A few days ago, Megan McArdle wrote this:
responding to Ryan Avent:
who was responding to Jim Manzi:
Jim Manzi argues that carbon taxes aren't likely to solve our climate problems, and we need innovation more directly, while Avent and McArdle argue that a carbon tax (or equivalent cap-and-trade or fuel taxes, etc) can be what stimulates innovation.
Both sides make thoughtful arguments, but there's a structural problem involved that I've mentioned before but is worth rehashing.
This is a problem with three dimensions: Supply-side (how our energy is sourced), distribution (how our energy gets from source to end-user), and demand (how our energy is used).
Demand-side solutions like carbon taxes and cap and trade a) have big negative economic shocks, b) don't necessarily reduce carbon use because energy-intensive production shifts (a la Reliant moving steel factories from Britain to India, or even simply production of British goods decreasing and Chinese goods increasing - McArdle makes this latter point wonderfully), and c) are not, by themselves, permanent solutions, because we still haven't changed how energy is sourced.
In a two-dimensional process (supply and demand), demand-side programs would, by necessity, feed back into the supply side and give incentive for innovation.
The problem is that nasty distribution step can obfuscate or even remove the price-feedback effect due to both technical limitations and fixed cost investments with unsubsidized positive externalities.
To be more specific, two major areas that need upgrading are a smart grid (i've seen cost estimates at $1.5 Trillion to get the grid renewed over 20 years) and a system of battery-charging stations to help us transition away from gasoline-based motor vehicles.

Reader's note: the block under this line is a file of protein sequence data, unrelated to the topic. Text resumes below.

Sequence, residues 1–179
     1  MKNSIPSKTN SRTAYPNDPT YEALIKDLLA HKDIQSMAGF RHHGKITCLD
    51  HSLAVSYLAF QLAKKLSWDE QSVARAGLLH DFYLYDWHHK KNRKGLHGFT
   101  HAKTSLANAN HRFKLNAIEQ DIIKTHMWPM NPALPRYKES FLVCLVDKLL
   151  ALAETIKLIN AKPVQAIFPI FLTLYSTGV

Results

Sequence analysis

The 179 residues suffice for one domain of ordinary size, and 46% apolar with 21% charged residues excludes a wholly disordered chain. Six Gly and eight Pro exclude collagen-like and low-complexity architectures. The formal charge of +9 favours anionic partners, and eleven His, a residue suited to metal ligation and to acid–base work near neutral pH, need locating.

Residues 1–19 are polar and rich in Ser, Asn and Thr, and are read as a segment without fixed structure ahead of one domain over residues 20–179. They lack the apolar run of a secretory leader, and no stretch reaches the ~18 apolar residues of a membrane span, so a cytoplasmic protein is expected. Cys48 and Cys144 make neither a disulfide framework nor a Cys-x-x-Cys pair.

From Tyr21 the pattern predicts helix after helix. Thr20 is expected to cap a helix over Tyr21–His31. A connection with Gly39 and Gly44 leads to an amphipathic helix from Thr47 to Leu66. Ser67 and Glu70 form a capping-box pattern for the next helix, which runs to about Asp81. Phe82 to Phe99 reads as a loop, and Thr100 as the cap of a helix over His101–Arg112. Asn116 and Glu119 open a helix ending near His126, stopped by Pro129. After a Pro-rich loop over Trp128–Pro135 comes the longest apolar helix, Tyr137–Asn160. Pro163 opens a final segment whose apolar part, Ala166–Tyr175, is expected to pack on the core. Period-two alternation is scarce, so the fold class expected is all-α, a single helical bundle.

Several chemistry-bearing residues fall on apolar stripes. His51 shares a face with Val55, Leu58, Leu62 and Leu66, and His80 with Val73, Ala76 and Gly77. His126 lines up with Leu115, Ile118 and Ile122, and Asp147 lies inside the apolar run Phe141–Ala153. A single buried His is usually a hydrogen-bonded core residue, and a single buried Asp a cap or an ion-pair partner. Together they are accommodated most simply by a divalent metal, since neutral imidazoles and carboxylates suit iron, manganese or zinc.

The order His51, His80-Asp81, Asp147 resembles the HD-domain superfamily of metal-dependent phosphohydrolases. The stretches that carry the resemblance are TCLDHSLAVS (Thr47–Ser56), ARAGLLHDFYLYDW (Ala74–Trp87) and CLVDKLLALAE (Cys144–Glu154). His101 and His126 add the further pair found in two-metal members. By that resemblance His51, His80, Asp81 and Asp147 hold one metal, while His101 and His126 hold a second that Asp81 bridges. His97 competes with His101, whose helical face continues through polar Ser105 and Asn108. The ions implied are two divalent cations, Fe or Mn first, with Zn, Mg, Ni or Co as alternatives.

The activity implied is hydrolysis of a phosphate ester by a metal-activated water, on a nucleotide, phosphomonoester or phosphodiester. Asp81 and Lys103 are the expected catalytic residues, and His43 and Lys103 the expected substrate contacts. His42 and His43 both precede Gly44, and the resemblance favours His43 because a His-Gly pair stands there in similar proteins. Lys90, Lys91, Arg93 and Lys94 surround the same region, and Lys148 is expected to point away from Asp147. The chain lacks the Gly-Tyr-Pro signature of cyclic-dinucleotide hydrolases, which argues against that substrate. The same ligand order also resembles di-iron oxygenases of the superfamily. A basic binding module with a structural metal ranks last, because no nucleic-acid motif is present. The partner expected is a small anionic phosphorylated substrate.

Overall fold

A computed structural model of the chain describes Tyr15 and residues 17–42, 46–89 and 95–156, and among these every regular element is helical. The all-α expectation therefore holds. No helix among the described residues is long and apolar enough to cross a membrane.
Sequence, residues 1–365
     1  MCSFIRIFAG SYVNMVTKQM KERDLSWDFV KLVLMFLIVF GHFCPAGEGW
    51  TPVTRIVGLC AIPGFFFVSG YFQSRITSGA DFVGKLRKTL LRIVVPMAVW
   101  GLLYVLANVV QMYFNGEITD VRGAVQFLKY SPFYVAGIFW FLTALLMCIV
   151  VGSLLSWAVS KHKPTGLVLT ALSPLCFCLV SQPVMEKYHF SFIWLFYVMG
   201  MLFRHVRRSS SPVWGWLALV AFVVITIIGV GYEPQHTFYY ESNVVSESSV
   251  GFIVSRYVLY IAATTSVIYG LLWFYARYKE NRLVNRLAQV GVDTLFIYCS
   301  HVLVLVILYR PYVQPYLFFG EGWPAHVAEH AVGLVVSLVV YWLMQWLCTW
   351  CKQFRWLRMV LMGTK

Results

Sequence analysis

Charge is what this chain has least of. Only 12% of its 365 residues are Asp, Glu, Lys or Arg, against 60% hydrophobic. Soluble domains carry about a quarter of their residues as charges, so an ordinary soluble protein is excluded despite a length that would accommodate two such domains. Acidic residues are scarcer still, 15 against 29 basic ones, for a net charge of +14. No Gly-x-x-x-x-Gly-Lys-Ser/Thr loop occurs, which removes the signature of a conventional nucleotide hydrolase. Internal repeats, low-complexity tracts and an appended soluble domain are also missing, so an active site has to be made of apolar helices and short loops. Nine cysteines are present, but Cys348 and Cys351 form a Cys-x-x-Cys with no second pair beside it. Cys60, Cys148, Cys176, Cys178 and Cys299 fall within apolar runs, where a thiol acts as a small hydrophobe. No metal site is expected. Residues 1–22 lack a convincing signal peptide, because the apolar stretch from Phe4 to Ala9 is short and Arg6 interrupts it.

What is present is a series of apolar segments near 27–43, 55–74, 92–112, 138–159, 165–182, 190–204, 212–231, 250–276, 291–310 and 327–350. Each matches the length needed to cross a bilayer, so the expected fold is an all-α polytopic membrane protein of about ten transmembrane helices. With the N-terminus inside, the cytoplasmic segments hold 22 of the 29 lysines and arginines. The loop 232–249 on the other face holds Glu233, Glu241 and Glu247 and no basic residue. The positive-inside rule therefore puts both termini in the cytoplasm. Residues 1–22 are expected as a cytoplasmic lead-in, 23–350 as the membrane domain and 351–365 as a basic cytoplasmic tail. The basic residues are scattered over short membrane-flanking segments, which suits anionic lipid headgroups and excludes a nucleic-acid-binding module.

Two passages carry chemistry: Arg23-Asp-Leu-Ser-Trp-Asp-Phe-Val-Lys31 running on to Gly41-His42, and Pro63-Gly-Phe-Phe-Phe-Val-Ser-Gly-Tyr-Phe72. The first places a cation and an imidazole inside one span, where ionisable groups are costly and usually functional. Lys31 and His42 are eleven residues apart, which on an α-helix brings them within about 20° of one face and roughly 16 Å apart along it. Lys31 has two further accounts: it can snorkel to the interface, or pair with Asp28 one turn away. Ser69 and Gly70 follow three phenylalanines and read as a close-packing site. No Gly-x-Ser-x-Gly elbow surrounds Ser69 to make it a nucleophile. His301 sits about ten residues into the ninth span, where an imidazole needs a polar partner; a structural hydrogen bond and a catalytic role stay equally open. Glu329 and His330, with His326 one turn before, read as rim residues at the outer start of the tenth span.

Current infrastructure severely limits how much innovative energy can come in on the supply side because there's no distribution. A plug-in car would have to significantly outperform a gasoline-based car in order to even be considered for purchase by consumers, because the gasoline infrastructure is so well-developed and battery charging, right now, is very, very inconvenient.
Furthermore, the demand-side sees distribution costs as part of their end costs, so a weak distribution system functionally serves as the anti-carbon tax by increasing the cost of innovative energy.
Thus, the economic effects of a carbon tax (increasing the relative cost of dirty energy) and equivalent infrastructure improvement (decreasing the relative cost of innovative energy, which can now be delivered on equal terms), should be equal in terms of shifting consumption, but the latter drives economic development (as opposed to the former, which slows it down).
The problem, of course, is that a smart grid and battery charging stations have such high positive externalities that without significant subsidy, they don't get built because the builder sees too few of the gains.
For whatever fixed sum we have to spend on energy, isn't it counterproductive to be arguing about carbon taxes/cap-and-trade and targeted technological grants when the very obvious, potentially productive, and massive distribution investment exists? Carbon taxes and cap-and-trade have nasty second-order effects on the economy and are subject to some political favoritism, and targeted technological grants are subject to significant political favoritism. Building out infrastructure functionally lowers the price of innovative energy sources without actually having to pick the winners.
Furthermore, by reducing distribution problems, you actually do stimulate innovation on the supply-side (because some things are feasible that aren't anymore, either technologically or cost-effectively), which often leads to a virtuous cycle - a learning-by-doing situation in which we eventually develop energy sources that are efficient enough to export to developing countries that don't have the infrastructure we would have developed.
Think structurally, people! Instead of worrying about cap-and-trade, why not subsidies for battery-charging and smart gridding?